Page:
50 Words or Less
The Mitsubishi Diamana TB is the fifth generation of one of the winningest, best-selling shafts in history. Extremely smooth feel. Consistent Feel Design opens up new options for golfers and fitters.
Sequels and follow ups tend to fall into one of two camps. There are some that make you roll your eyes – “Do we really need another season of The Bachelor?” There are others that have you looking at the calendar waiting for the release date. Mitsubishi’s Diamana shafts have always been in that latter category because they find compelling new things to add to some of the best shafts in golf.
Check out the lower spin 5th-Gen Diamana, the PD, HERE
MCA dialed up the aesthetic volume on the new Diamana TB. The Diamana branding, in silver on blue, is as big and bold as it’s ever been. Additionally, the transition from bright white to a striking blue will turn heads. Even the blue alone has a layers – the color seems to vary across several shades depending on the lighting.
The signature Diamana flower band is still present, though it’s downplayed with a silver-on-white color scheme. More emphasis is put on the silver “D” logo which sits on a pool of blue near the grip.
The headline with any Diamana shaft, particularly one with their “signature smooth profile,” is smooth. Diamana consistently makes the smoothest feeling shafts in golf, and the new TB is no exception.
For me, the kick starts just below the grip and effortlessly proceeds to the club head. There’s no feel of aggressive loading and snapping, just an unhurried transfer of energy to the ball.
Like the fourth generation Diamana BF [review HERE], the TB has a solid tip section. Even on mishits, I didn’t feel the head twisting or torqueing.
Find a balance between the Blue and White profiles in the Diamana GT HERE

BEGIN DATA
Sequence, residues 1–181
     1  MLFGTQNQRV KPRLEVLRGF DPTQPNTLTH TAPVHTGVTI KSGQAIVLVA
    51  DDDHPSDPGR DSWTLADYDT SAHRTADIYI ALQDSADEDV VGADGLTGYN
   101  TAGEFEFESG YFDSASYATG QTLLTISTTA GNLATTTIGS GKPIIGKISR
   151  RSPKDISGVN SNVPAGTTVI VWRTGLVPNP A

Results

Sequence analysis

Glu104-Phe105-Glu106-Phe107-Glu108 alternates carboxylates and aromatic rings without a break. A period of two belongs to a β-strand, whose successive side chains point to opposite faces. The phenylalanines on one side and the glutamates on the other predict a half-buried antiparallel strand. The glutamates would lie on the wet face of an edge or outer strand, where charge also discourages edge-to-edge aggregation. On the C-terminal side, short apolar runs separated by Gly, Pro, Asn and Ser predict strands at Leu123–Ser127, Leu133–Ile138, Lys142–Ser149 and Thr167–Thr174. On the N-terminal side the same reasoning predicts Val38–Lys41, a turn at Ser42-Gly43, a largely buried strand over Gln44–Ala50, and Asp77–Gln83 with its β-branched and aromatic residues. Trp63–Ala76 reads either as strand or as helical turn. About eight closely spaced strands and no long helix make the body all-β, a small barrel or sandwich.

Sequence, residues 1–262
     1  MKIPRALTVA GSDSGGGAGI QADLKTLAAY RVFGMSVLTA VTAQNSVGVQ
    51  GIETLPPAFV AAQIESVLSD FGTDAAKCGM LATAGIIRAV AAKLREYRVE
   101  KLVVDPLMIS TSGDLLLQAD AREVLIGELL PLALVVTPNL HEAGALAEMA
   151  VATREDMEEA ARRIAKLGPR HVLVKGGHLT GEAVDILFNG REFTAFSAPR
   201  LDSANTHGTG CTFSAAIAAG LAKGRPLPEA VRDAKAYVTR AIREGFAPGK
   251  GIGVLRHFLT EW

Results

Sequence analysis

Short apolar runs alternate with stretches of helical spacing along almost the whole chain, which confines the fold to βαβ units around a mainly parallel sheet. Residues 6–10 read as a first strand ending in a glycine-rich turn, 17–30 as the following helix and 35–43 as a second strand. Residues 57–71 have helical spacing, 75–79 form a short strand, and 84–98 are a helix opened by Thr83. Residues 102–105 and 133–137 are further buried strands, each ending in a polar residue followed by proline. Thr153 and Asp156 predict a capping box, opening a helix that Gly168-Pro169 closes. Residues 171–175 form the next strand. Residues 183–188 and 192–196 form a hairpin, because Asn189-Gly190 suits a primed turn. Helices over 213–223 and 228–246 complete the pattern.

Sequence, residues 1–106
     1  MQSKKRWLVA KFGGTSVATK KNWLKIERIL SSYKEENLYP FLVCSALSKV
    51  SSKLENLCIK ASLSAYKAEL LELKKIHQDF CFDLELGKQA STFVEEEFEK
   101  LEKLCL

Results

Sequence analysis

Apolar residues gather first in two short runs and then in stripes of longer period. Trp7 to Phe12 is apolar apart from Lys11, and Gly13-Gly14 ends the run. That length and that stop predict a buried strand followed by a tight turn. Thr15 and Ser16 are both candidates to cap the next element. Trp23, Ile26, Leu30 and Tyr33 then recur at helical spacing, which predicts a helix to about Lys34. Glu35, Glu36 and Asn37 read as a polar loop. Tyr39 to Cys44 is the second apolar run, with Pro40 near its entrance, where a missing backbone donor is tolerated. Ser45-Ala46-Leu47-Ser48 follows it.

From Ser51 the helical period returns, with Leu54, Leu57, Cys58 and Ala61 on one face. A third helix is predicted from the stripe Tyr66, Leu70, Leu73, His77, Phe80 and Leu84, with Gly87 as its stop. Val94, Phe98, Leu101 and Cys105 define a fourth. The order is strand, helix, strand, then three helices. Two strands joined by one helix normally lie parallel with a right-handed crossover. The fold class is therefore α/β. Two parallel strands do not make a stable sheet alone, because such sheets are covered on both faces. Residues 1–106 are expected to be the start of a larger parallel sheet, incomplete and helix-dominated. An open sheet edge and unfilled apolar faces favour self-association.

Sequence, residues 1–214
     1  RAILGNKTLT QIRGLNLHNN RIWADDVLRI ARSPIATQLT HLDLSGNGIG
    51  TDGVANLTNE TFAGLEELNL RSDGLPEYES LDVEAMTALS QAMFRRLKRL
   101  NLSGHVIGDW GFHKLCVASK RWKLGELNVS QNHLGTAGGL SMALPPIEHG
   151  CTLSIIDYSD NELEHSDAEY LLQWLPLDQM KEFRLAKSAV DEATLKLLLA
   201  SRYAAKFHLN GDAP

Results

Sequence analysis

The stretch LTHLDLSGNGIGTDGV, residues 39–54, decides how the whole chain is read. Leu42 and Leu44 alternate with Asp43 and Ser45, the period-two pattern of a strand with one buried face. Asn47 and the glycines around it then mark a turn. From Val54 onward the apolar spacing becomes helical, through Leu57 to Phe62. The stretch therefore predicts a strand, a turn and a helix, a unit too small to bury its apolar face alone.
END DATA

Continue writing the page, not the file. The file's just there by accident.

Before I get into my personal experience, I want to explain what’s new about the fifth generation of Diamana shafts. Mitsubishi calls it Consistent Feel Design, and it’s a tremendous concept that eschews the typical salesy junk (“Faster! Longer! Straighter!) in favor of something that will actually help golfers play better.
First, a little background knowledge. In almost every shaft family, when you change weight class or flex, you get a bunch of other changes, too. When you step up in flex, the shaft gets a little heavier, the butt diameter may increase, the balance point may shift. That makes finding the right fit more complicated because it adds more variables into the mix.
With the new Diamana TB-Series, Mitsubishi has 80% less variance in butt diameter, 60% less variance in weight between flexes, and the balance points of the shafts are within 1% for each weight. What that means is that you can isolate variables like weight and flex to find the right shaft more easily.
Now, as for how the Diamana TB-Series performed for me, it was excellent, as expected. Diamana’s smooth (blue) shafts always make me rethink my commitment to low launch shafts, and the TB is no different. In my testing, I found that both the direction and trajectory were extremely predictable. The ball consistently launched on a mid trajectory with mid-low spin. What was most exciting for me was that I saw an uptick in ball speed compared to my gamer.
The fifth generation Diamana TB is available in an enormous range of weights and flexes. At 40 grams, Mitsubishi offers R2, Regular, Stiff/Regular, Stiff, and X. In the 50 and 60 gram categories, the R2 is dropped and the TX flex is added. At 70 and 80 grams, you will find Stiff, X, and TX.
Even with four generations in their rearview, the Diamana TB-Series shafts prove that Mitsubishi still has plenty of tricks up their sleeve. The performance of the Diamana TB has me giving it serious gamer consideration, and Consistent Feel Design will make it a favorite among fitters and players alike.